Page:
Re: [Lambengolmor] Some remarks on _loikolíkuma_
> From: David Kiltz <derdron@...>I would just like to point out that the word does appear in Modern English in
> Date: Thu, 13 Jan 2005 09:34:06 +0100
> ... Had OE or ONo. _l�c/k_ as a noun survived into Modern English times
> it should have acquired the pronunciation /laik/.
the old compound _lychgate_ (also _lichgate_), a covered section of the gate
into a churchyard in which a bier could be rested temporarily, that is to say,
a "corpse gate".
- [This is drifting off-topic. Keep any further discussion of this form related to
Tolkien's own usage and inventions, please. Discussion of the development of
forms in modern languages should otherwise be conducted off-list. CFH]
On 13.01.2005, at 20:14, Rich Alderson wrote:
> I would just like to point out that the word does appear in Modern English in
> the old compound _lychgate_ (also _lichgate_).
Thank you. Yes, I'm aware of this form but I understand, this being a compound,
the first element is pronounced /litsh/ rhyming with _switch_. Only if the noun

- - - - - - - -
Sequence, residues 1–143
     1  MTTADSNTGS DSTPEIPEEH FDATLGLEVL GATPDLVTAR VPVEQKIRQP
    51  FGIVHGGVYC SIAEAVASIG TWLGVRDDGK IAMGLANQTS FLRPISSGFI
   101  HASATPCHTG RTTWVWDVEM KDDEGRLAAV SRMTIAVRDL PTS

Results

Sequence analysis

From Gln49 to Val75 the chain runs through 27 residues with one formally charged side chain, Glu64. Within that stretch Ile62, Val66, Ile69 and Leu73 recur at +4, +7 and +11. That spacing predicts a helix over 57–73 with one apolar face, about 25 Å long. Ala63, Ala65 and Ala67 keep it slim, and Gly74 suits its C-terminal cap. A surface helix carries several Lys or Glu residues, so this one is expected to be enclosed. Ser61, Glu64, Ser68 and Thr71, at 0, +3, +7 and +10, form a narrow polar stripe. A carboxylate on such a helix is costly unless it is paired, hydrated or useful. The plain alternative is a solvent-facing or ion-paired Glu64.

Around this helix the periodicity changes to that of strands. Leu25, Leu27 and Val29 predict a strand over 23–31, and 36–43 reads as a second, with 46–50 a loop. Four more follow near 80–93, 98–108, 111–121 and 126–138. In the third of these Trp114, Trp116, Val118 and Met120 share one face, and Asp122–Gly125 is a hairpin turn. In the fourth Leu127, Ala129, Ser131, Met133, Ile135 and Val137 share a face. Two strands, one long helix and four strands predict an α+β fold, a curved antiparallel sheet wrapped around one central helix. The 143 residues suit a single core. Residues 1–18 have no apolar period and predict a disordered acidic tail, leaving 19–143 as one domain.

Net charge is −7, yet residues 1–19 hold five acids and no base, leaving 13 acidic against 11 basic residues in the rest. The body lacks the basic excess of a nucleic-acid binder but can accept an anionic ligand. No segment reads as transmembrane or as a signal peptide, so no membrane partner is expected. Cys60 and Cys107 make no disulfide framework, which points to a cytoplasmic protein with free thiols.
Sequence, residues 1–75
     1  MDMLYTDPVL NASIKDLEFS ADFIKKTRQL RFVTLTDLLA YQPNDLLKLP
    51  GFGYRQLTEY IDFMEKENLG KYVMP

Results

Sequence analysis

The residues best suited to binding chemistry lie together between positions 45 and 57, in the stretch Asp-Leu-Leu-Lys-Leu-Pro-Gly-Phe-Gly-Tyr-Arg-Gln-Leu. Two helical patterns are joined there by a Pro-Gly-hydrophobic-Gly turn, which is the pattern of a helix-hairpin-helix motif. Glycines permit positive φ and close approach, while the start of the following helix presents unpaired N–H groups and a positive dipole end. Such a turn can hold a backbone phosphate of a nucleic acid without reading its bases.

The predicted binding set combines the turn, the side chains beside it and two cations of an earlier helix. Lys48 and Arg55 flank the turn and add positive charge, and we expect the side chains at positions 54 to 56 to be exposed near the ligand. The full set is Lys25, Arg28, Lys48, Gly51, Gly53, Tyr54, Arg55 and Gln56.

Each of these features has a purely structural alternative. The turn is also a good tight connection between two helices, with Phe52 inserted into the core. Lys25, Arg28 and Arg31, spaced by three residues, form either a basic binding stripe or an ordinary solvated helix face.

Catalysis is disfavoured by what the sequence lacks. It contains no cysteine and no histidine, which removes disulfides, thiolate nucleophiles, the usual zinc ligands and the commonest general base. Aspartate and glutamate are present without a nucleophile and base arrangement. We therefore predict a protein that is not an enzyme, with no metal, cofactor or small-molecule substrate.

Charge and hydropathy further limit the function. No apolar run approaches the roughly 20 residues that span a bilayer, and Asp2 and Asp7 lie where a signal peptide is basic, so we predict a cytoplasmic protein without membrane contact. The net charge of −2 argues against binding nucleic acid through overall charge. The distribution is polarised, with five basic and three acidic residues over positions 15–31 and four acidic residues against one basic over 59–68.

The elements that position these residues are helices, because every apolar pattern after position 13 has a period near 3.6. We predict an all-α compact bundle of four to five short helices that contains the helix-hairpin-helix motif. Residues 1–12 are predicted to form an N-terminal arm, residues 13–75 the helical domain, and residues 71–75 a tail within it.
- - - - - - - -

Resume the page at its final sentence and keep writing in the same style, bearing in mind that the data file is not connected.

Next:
had survived should we see the development to /laik/ as in ModE _like_ and _to like_.
John Cowan pointed out some more survivors of the word (also in compounds), cf.
<http://tolklang.quettar.org/messages/Vol45/45.44>. As John also indicates,
there is also _lyke-wake (lykewake < ONo. _líkavaka_) but I don't know how current
the word _lyke_ is or if it is used independently at all.
Curiously, Rohirric _laik_ seems to represent an Old Norse precursor.
Among the undead creatures described in the _Advanced Dungeons & Dragons
Monster Manual_ (c.1980) was one they called a "lich"; I hadn't encountered the word
before seeing it there, but it may still have had some currency before they revived it,
so to speak.
OE/ONo. _líc/k_ also survived into modern Danish (_lig_ with silent g) and modern
Swedish (_lik_) both meaning corpse / dead body.